Planning for Growth in a Post-Corona Reality
From massive selloffs in global financial markets to the closing of national borders, fears of the coronavirus hurting the world economy is all too real. The OECD has already lowered its growth project for 2020 to 2.4 percent from 2.9 percent, but also warned in early March that should the outbreak intensify and spread further, growth could be capped at 1.5 percent this year.
...the fact remains that this global health scare will lead governments, businesses, and individuals to reconsider how they operate in a highly integrated world where diseases can cross borders all too easily.
The Paris-based agency’s gloomy projection comes on the heels of the Federal Reserve, Bank of Japan, and the European Central Bank all signaling their willingness to take necessary steps to ensure that their economies remain stable. Meanwhile, finance ministers from the G7 are expected to hold a teleconference later this week specifically to address the COVID-19 outbreak. But while shifts in monetary policy and signs of G7 unity against the virus may lead to some short-term reassurance of financial markets, the fact remains that this global health scare will lead governments, businesses, and individuals to reconsider how they operate in a highly integrated world where diseases can cross borders all too easily.
It is, of course, easy enough to argue that there has been over-reaction to the corona outbreak.
The mortality rate of the disease remains relatively low at around 2 percent, but only for the elderly and for those with chronic diseases, which is no different from the usual seasonal flu. In short, this is not like the Ebola virus which is not only highly contagious, but also with a mortality rate of 90 percent after a few days of acute suffering. Although there are nearly 80,000 cases in China, 3,800 in South Korea, and nearly 1,000 in Japan, and the disease has spread across to Europe as well as the Middle East, infection usually won’t mean death in the vast majority of cases.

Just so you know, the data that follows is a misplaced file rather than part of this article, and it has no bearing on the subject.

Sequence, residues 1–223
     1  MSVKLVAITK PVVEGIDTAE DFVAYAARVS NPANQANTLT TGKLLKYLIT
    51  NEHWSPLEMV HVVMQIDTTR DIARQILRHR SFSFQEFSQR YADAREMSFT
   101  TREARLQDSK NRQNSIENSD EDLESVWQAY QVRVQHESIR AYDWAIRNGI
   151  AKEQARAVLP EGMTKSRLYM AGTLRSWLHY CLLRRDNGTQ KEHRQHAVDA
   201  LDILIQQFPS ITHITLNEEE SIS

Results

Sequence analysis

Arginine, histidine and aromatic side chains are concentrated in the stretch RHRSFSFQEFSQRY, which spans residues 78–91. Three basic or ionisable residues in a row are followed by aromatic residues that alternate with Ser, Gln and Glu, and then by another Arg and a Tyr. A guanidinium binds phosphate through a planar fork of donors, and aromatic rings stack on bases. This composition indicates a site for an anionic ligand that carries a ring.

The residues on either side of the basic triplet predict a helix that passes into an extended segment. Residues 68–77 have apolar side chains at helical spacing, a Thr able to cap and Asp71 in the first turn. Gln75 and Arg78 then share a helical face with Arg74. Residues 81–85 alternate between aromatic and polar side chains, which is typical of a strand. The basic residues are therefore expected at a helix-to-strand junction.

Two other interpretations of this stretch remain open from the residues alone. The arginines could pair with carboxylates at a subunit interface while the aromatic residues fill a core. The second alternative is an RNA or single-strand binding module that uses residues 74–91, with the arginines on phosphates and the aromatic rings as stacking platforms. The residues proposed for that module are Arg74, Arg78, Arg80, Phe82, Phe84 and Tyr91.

Global reaction to corona, on the other hand, has been far more acute than any recent contagion including Ebola, Zika, and SARS. Quarantines, flight bans as well as cancellations, school closures, and event cancellations are becoming part of daily life in much of East Asia and beyond, not just in Wuhan. Such disruptions have given ammunition to the anti-globalists, who see the viral outbreak as yet another justification to take protectionist measures and turn inward, building up psychological as much as physical borders.
Policymakers and business executives alike are beginning to see clearly the downside of over-dependence on China.
But an emotional, knee-jerk reaction towards building up trade barriers is only one of the possible longer-term results of the corona crisis. The de facto decoupling from China in response to the corona outbreak has also made all too clear the risks of depending too much on one country as a source of manufacturing. If the ongoing U.S.-China trade dispute has motivated corporations to diversify their supply chains, the latest concerns about corona have only increased the need to spread the risk and not depend too heavily on one market either for production or consumption, even if it is as big as China’s. Policymakers and business executives alike are beginning to see clearly the downside of over-dependence on China, and these concerns may well incentivize moves to diversify investment portfolios and even bring some key manufacturing sectors back to the home country.
With no end in sight to the spread of the disease, there is a need to assume that restrictions on mobility and travel both within and outside of national borders will continue to increase. Clearly, the virus has been far more disruptive and damaging to global growth than any trade negotiation. Even when COVID-19’s spread is contained and a vaccine is produced, the odds of another pandemic breaking out worldwide in the future are high. With that in mind, policymakers and corporate leaders alike will need to reassess how to mobilize capital and ensure economic stability in the future.
Follow Shihoko Goto, deputy director for geoeconomics and senior associate for Northeast Asia, on Twitter @GotoEastAsia.
The views expressed are the author's alone, and do not represent the views of the U.S. Government or the Wilson Center. Copyright 2020, Asia Program. All rights reserved.
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